Fall, Winter, Summer? Seattle Is Skipping Spring This Year
Editor's Note: Justin Shaw, author of Seattle Weather Blog, is now contributing to Seattle Met. This is his first story for the site.
Yes, it really was that cold.
And yes, it’s really going to be that hot.
In a remarkable display of weather whiplash, Seattle is heading into the weekend on the brink of a summer-like heatwave—just weeks after logging one of the coldest Aprils in recent memory. With potential 90-degree weather breathing down our necks, it may be hard to appreciate just how wickedly cold it was last month, so consider this bone-chilling fact: The first 25 days of April were Seattle’s third-coldest on record, topped only by 1955 and 2011 (barely). What’s more, only four of the 30 days in April managed an above-average high temperature—and all were courtesy of a late-month blast of heat that saw the mercury peak at 80 degrees on the 28th. In other words, on the rare April day Seattleites weren’t shivering, they were sweating. Really, spring—was that the best you could do?
Sadly, it appears so, because two weeks later, we’re about to leap straight into summer.
A mammoth ridge of high pressure is forecast to overtake the Pacific Northwest this weekend into early next week, potentially vaulting high temperatures into uncharted territory for mid-May. The projected location of this ridge of high pressure is strikingly similar to where the record-crushing heat dome of June 2021 set up shop—with its center located over southern British Columbia. This is highly unusual, as most heat domes of this magnitude are generally parked over the desert of the Southwest.
Fortunately, because it’s mid-May and not late June, Seattle will come nowhere close to the inferno that was late June 2021 (read: it’s not going to be 98 degrees, let alone 108 degrees!). That said, I think it’s a safe bet to say that many parts of the metro area will reach 90 degrees on Sunday, Monday, or both—and that includes parts of Seattle proper.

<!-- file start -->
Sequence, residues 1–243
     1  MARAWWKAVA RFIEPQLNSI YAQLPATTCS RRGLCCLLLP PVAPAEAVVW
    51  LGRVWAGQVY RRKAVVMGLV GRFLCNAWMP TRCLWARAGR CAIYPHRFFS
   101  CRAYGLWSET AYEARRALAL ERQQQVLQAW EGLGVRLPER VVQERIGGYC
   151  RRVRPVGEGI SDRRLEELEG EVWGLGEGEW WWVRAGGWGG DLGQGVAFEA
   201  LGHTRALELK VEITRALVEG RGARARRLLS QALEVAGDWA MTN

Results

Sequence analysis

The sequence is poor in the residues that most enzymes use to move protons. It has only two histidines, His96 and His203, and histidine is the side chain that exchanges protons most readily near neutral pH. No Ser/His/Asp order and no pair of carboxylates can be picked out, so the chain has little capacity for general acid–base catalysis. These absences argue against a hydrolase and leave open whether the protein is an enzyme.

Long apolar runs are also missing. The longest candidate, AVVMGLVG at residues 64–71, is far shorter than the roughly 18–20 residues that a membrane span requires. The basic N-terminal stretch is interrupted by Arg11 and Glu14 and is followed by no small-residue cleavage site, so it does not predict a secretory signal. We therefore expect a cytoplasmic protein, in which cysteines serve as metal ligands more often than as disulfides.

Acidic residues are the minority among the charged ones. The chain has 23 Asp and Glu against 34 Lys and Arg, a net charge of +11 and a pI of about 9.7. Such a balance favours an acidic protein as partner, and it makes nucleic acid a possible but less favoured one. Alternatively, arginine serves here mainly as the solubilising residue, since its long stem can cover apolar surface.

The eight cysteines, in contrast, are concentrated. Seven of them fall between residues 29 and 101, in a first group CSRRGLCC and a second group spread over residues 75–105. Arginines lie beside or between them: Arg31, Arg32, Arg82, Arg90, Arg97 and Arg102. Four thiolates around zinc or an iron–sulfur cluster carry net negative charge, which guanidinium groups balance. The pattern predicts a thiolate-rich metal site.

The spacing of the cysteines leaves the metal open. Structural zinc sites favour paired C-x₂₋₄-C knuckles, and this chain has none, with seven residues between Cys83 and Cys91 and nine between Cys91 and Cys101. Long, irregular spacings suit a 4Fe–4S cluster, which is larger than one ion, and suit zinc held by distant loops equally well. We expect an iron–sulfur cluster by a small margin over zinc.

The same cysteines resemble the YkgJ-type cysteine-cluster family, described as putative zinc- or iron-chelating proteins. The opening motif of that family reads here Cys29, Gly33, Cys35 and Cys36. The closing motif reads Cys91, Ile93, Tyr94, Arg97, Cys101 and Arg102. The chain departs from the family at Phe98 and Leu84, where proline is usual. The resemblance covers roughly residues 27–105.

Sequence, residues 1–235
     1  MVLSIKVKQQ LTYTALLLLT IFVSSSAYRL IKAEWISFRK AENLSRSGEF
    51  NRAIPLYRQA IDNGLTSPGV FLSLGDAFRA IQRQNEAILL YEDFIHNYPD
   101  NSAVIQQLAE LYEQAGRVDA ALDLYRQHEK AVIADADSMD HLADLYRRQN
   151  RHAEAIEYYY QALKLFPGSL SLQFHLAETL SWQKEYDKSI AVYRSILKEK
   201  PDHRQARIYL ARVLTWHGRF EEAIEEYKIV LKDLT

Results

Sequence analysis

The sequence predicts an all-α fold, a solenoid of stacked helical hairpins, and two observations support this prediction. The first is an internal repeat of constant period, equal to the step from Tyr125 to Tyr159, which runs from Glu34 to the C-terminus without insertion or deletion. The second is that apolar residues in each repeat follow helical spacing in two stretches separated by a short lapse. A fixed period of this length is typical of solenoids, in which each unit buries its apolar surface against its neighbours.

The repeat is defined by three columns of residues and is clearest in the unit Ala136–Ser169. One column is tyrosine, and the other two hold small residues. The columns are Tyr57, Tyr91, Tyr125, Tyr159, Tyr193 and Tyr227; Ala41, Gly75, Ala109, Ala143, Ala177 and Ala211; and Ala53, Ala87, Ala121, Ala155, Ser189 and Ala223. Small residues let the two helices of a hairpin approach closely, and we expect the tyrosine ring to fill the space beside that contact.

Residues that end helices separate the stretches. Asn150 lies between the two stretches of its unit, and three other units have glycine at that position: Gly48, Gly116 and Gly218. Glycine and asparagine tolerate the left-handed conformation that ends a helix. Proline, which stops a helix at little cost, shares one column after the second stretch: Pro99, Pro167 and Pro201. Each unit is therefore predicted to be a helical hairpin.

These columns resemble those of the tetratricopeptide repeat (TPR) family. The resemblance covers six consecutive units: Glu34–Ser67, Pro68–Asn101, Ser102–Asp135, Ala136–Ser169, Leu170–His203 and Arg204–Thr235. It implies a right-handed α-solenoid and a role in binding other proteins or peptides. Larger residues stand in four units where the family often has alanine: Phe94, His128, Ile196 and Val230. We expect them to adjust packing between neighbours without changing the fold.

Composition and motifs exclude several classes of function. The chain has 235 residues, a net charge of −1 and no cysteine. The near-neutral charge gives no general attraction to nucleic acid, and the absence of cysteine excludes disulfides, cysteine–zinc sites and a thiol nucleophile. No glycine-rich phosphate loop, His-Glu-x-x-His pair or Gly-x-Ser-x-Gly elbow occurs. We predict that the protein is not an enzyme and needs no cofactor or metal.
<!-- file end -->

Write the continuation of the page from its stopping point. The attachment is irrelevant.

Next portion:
To be honest, reaching 90 degrees this early in the year in such a mild, maritime climate would be nothing short of ridiculous, not to mention unprecedented. Case in point: Seattle has only hit 90 degrees seven times in May in the postwar era—and never once before May 17. A reading of 90 or greater this Sunday or Monday would eclipse that mark, establishing a new record for the earliest 90-degree reading in city history.
It’s worth noting that there was a time when hitting 90 degrees in Seattle every year wasn’t a given—not even in July or August, let alone May. In fact, in five of the first 10 years of record-keeping at Sea-Tac Airport—from 1945 to 1954—Seattle never even reached 90 degrees. Heck, we even managed to dodge 90 as recently as 2011, a year which featured an even colder April than the one we just endured. This time around, however, it appears we’ll be lucky to make it past Mother’s Day without crossing into the 90s.
Is this an omen for what’s to come this summer?
And now, for the million-dollar question: Does this mean we’re due for another sweltering Seattle summer? Interestingly enough, a look back through history shows that the summers following 90-degree May days were generally average to a bit cooler than average. In other words, a hot May does not necessarily a scorching summer make.
On the other hand, in a warming climate, the value of looking far into the past for clues is probably diminishing—especially when we’re dealing with weather records from 50-plus years ago. If the past decade has taught me anything about Seattle weather, it’s that our summers are rapidly becoming warmer—regardless of whether there’s an El Nino, La Nina or some other large-scale weather phenomenon at play. Ultimately, the truth of how this summer might unfold probably lies in this jarring statistic: Eight of Seattle’s top-10 warmest summers have occurred since 2013.
So, get ready. This upcoming heatwave may very well be just the opening act in another blistering summer.